What do you think of the new plate method?

Sunday, June 5, 2011

A Moroccan Dinner Party

A good friend hosted a fabulous Moroccan-themed dinner party this weekend, and while there was no belly dancing, the menu was to die for. The appetizer was a Bastilla, the sweet and savory chicken pie of Morocco, made with phyllo dough, braised chicken, almonds, and sprinkled with cinnamon and powdered sugar.

This is a dish that everyone should try at least once - and if you’re anything like me, you will crave it ever after. Next, a lamb tagine with kalamata olives and apricots, served with roasted veggies over couscous. (Didn't get a picture as we were fully engaged in stuffing our faces at this point.)

Finally, an orange-cardamom custardy flan for dessert, sitting in a pool of caramelized sugar.

Once again, I am in awe of the power food has to transport us far away from our everyday lives. You must try the Bastilla - it's like chicken pot pie on crack, a delightfully exotic dish to make on a weekend and impress your friends and family.

Moroccan Bastilla

1 chicken (about 3 lbs.)
2 med. onions, chopped
1 lg. can (49 oz.) chicken broth
1 c. chopped parsley
1 cinnamon stick
1 tsp. ginger
1/4 tsp. pepper
6 eggs
8 sheets phyllo dough (keep covered)
4 tbsp. melted butter
1 tsp. sugar
1 tsp. cinnamon
1 c. sliced almonds
Powdered sugar & cinnamon

Cook chicken in broth with onions, parsley, cinnamon stick, ginger, and pepper for about 1 to 1 1/2 hours. Debone and skin; cut meat into bite size pieces. Bring broth to a boil over medium heat. Lightly beat eggs and pour slowly into broth; cook, stirring until curds form, about 1 to 2 minutes. Strain.

Brush melted butter on bottom and sides of a deep 10" pie pan. Overlap 6 phyllo sheets to cover the bottom and extend 8" to 10" over the edge of the pan. Brush with butter and sprinkle with sugar and cinnamon. Top with chicken; spread egg mixture over the top and sprinkle with almonds. Fold edges of phyllo dough over filling and brush top with butter. Fold remaining 2 sheets of phyllo over filling and brush top with butter. Fold remaining 2 sheets of phyllo in half cross wise and place on top. Tuck edges inside pan and brush with butter. Bake at 425 degrees for 20 minutes or until golden brown.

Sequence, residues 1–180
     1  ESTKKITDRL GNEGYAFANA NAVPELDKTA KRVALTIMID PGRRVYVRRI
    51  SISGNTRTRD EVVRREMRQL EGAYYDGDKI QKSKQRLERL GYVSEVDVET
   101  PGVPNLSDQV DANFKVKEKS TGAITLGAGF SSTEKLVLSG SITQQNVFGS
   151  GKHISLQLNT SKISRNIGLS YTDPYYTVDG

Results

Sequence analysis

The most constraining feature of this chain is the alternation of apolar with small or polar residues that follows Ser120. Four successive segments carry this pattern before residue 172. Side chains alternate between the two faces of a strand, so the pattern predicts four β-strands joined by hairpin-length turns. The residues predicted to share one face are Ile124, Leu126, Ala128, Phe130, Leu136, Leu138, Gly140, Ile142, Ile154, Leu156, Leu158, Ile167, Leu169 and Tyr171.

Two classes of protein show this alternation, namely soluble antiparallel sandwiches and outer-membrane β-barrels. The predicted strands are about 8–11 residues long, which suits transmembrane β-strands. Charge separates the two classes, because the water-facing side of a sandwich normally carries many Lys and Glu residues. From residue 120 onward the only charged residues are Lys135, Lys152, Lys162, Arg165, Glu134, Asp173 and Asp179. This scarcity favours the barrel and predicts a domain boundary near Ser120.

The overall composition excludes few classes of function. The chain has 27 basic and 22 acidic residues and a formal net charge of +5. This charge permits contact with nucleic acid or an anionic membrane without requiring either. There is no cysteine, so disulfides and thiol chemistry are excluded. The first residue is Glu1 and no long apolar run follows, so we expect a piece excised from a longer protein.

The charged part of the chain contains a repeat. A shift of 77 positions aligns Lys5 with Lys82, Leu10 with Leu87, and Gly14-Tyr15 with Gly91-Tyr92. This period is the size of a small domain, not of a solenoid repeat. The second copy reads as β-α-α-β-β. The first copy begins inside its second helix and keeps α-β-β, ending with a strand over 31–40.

Invert on a cookie sheet and bake until bottom is golden, about 10 minutes. Turn onto a platter and cool 5 minutes. Sift powdered sugar over top. Decorate with criss crossing lines of ground cinnamon. Slice to serve. Makes 8 main dish servings or may be used as an appetizer.

Friday, June 3, 2011

Newest Herb Acquisition: Cuban Oregano

We made our second trip to the West Sacramento Farmer’s Market last night. We bought:

- $8 half flat of super-sweet strawberries

- A bag of crisp snap peas for $2.50

- Flank steaks ($8/lb) from Lucky Dog Ranch, which I realized is the same meat they serve at the wonderful Roxy restaurant. Tonight we’re grilling it and making a stab at our first chimmichurri sauce. Looking forward to it!

- Two kinds of Oregano. I needed something replace the parsley that went to seed in the last month, as it typically does in the second year. I knew I needed to replenish my herb box, so I thought I would take a stab at oregano for the first time. The first plant I saw was familiar enough and looked like a baby version of this:

This is Greek Oregano, the typical kind grown.

The second is new to me : Cuban Oregano!

See how different it looks? The fellow who sold it to me said it was good to slice and put in a green salad. Does anyone have any suggestions for using this unique herb? Maybe I should try my hand at Cuban food.

Wednesday, June 1, 2011

Super Natural... Every Day?

In 2008, shortly after I started my blog, I discovered 101 Cookbooks, one of the most popular food blogs on the web. Heidi Swanson seemed like the sort of person who ordinary people want to spy on, or live vicariously through, depending on your perspective. After all, would wouldn't be curious about a vegetarian hipster from the Bay area who travels, cooks healthy, exotic food and photographs it all as she goes?

After a while I became disenchanted. Who was this health nut of a character with a pantry full of ingredients like tempeh, millet and wild nori seaweed? I found it all a bit much. However, with Heidi's new cookbook, Super Natural Every Day, selling like hotcakes, I decided to give a go at a few of the simpler sounding recipes.

I made:

Green Lentil Soup

And Baked Oatmeal with Blueberries

I really liked the lentil soup, despite the small rock I bit into one particular bite. (They aren't kidding when they tell you to pick through your lentils! There is a reason for that, I've learned.) The soup was simple, dotted with spiced butter and sprinkled with green chives. The flavor was reminiscent of an Indian daal, and it was very tasty with wheat saltine crackers.

The baked oatmeal was rich (even more so because I substituted part leftover coconut milk from the lentil soup for the regular milk) and a hearty yet healthy breakfast. I loved the flavors of the coconut, spices, blueberries and walnuts all layered in one dish.

Heidi, maybe you and I can be friends again after all.